For years, Turkey was looked at as that economy that could only be vindicated with full induction into the European Union. But it’s done quite well without that ribbon, thanks. Its stock market is surging and government borrowing costs are plunging. Foreign direct investors want in. Turkey can and does strut at international events.
The nation’s economy got a vital boost May 16 when Moody’s lifted its government bond ratings to investment grade; Fitch had already done so in November. (Another big rating firm, Standard & Poor’s, has the debt a notch below investment grade.) Moody’s cited “recent and expected future improvements in key economic and public finance metrics.” Yields on Turkey’s two-year benchmark lira bonds fell to an all-time low of 4.61 percent; they are down 1.38 percentage points just this year. Ten-year debt yields fell below 6 percent for the first time and the Borsa Istanbul 100 equity index rallied to another all-time high.
The strategically vital bridge between Europe and the Middle East is coming off more than a decade of economic improvements that span pension reform, privatizations, and curtailed inflation. Per capita income has soared. Moody’s anticipates that Turkey’s debt burden will keep declining after falling 10 percentage points to a “manageable” 36 percent of gross domestic product since 2009. Its share of debt denominated in foreign currencies is at 27 percent now, compared with 46 percent a decade ago. According to Bloomberg data on credit-default swaps, Turkey’s risk premium is now on par with Brazil and Israel and lower than South Africa, Russia, or Hungary.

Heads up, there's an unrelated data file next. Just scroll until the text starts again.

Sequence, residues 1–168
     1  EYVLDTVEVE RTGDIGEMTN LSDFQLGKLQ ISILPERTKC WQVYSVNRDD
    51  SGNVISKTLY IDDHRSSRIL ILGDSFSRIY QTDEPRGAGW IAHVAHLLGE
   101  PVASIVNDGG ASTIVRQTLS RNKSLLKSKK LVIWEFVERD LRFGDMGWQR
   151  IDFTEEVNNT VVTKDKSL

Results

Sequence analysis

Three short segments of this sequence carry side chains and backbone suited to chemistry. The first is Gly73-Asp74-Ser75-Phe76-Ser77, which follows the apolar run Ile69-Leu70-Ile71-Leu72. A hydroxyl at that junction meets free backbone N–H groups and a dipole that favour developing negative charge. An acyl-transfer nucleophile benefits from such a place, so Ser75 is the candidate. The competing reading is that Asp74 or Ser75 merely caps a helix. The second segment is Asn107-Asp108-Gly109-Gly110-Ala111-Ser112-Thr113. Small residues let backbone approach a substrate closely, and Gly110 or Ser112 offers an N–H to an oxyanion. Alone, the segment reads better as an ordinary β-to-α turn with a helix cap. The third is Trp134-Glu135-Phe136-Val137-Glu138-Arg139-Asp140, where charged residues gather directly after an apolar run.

“Turkey long deserved this rating, or an even higher one, both economically and politically. I see this as a delayed recognition of what we deserved,” Economy Minister Zafer Caglayan said in a statement. “We now expect much greater investments, both in terms of direct and portfolio investments. The central bank needs to be ready for the pressures this will exert on the lira.”
It’s a high-class problem to have: global bond and equity investors drawn to your investment-grade debt and piling into your securities and currency. Turkey will inevitably draw more mainstream emerging-market investors, who may have previously grouped it alongside less-developed frontier economies. What if the lira gets too hot for comfort?
On May 16, the central bank in Ankara lowered its benchmark repo rate by 0.5 percentage point to 4.5 percent, and it reduced the top and bottom ends of its so-called interest-rate corridor by the same amount. Those cuts were twice as large as estimated in Bloomberg surveys; the central bank’s index for the lira’s value against Turkey’s trading partners rose past the level that it says represents overvaluation.
Elsewhere, the struggling, growth-starved European Union could really use a Turkey.